Next Solar signs contract with Oerlikon Solar for 30 MWp turnkey thin-film solar module factory with an option to upgrade to 60 MWp by the end of 2008.
Athens, March 12, 2008 - Next Solar, a recently formed solar panel production company based in Greece, is pleased to announce the construction of its first thin-film solar module factory. Oerlikon Solar will deliver the turnkey production line within the current year. Next Solar's thin-film solar panel fabrication line is scheduled to start production in early 2009. The initial annual capacity will be 30 MWp (megawatt peak) although Next Solar may exercise the option for the upgrade to 60 MWp. "Oerlikon Solar is a leading company of proven turnkey solutions for thin-film modules. Their advanced technology will help us gain market share in the fast growing solar market", says Panos Ninios, Member of the Board of Next Solar.
The main activity of Next Solar S.A. is the production of thin-film photovoltaic panels, using Oerlikon's micromorph technology. The plant will have a fully automated production line that uses glass as raw material (dimensions 130cm x 110cm) and produces a ‘complete' photovoltaic module ready for installation. A key differentiating element of the Oerlikon turnkey line is the KAI with PECVD technology (Plasma Enchased Chemical Vapor Deposition), where the deposition of two layers of micromorph and amorphous silicon is made in a plasma environment. This equipment is installed inside a clean room measuring approximately 1.500 square meters (inside the main plant) with high cleanness require-ments (concerning both the number and the size of particles) as well as with specific toler-ances regarding the ambient temperature and humidity.
Next Solar targets one of the fastest-growing markets worldwide. Thanks to Oerlikon's innovative thin-film PV technology, solar modules can now be produced about 30 percent less expensively than conventional wafer-based technology. "We will provide Next Solar with our proprietary Micromorph Tandem technology, enabling them to quickly enter the thin-film solar market with a highly competitive and proven product. The Micromorph Tan-dem cell can achieve up to a 50 % increase in module efficiency, as well as module yield in comparison to amorphous technology", says Jeannine Sargent, CEO of Oerlikon Solar.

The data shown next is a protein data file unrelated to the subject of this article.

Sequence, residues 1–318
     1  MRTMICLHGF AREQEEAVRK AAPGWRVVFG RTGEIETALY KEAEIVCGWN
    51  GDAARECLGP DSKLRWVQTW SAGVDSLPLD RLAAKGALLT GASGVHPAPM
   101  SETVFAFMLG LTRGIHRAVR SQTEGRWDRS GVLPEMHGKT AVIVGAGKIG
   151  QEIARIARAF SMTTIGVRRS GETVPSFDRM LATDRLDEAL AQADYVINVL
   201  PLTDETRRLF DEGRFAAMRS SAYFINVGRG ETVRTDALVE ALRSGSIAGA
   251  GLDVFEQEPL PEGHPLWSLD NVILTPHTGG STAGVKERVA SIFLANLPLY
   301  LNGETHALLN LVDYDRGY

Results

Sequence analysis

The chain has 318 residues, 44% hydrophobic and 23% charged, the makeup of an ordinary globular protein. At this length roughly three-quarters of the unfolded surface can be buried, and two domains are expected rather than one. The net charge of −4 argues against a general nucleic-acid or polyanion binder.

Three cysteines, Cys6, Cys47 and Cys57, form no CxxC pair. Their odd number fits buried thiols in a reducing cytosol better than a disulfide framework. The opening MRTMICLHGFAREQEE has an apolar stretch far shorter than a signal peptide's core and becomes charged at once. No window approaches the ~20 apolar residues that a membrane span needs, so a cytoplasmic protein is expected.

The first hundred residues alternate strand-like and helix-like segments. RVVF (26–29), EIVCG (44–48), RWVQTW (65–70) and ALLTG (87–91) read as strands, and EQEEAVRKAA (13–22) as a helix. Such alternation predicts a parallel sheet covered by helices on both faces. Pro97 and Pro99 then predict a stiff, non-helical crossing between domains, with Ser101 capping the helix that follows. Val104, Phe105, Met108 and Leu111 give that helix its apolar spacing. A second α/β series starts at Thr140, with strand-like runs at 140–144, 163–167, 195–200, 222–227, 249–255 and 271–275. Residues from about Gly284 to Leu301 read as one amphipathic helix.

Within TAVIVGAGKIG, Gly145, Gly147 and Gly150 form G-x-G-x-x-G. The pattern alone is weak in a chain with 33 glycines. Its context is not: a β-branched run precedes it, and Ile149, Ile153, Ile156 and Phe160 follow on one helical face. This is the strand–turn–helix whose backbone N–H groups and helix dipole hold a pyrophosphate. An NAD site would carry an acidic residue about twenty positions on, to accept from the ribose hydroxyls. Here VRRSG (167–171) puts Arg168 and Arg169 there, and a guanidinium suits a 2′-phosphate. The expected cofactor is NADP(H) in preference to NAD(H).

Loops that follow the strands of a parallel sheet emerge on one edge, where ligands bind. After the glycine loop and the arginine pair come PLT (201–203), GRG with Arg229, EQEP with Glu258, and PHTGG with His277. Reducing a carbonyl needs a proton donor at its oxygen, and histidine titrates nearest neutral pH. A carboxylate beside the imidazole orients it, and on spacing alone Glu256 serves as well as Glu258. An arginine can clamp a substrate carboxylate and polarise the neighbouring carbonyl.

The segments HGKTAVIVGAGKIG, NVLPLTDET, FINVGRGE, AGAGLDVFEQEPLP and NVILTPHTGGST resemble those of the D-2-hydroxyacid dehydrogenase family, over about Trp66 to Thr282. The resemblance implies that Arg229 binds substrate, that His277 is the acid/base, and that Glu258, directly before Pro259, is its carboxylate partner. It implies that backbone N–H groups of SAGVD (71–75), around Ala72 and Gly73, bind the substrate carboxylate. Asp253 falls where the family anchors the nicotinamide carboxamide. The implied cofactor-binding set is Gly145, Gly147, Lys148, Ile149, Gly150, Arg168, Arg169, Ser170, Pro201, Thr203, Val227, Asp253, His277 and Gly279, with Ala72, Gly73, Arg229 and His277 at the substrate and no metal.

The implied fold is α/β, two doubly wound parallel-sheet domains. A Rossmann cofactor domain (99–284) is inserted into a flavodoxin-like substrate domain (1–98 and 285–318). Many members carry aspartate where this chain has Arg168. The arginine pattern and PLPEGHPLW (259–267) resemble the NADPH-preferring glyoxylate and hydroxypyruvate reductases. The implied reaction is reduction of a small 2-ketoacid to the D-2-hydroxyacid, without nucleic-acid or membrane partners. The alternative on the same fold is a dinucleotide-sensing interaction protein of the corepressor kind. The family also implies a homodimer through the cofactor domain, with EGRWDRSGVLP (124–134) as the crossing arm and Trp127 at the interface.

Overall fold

The production capacity of the plant could eventually be over 60MWp annually, corresponding to an annual production of 500.000 panels. The photovoltaic panels' production plant site will occupy over 16.000 square meters and is currently being built in the industrial zone of Tripoli, in Peloponnesus, Greece. It will create more than 140 highly specialized jobs in the area of Tripoli.
Implementation of the Investment - Time Schedule
The principal investors funded Next Solar in February 2008 and facility construction is expected to be completed by the end of 2008. Production is expected to commence early 2009.
The energy production from photovoltaic panels is one of the fastest growing markets globally with an average annual increase rate in the past 5 years of approximately 40% and a predicted growth rate in the next 5 years of 30-40% annually. Between the two dominant technologies, crystalline and thin-film, the crystalline technology today represents the 90% of the market share and the thin-film technology about 10%. Thin-film is expected to be the fastest growing technology for photovoltaic solar modules due to the lower cost of thin-film technology and the increase of the photovoltaic panels' efficiency during the last 3 years.
This high technology investment also increases the potential of significant research and technology development in coordination with Greece's universities. For example, Next Solar will cooperate with the thin-film technology department of Patras University. Next Solar expects to sell products within Greece and in other European markets of interest such as Germany, Spain, and Italy. Production by Next Solar will help reduce investment costs in photovoltaic parks in Greece and therefore contribute to a higher penetration of solar energy in the energy balance of the country. The quantity of the products sold in Greece will dramatically reduce imported solar panels from abroad.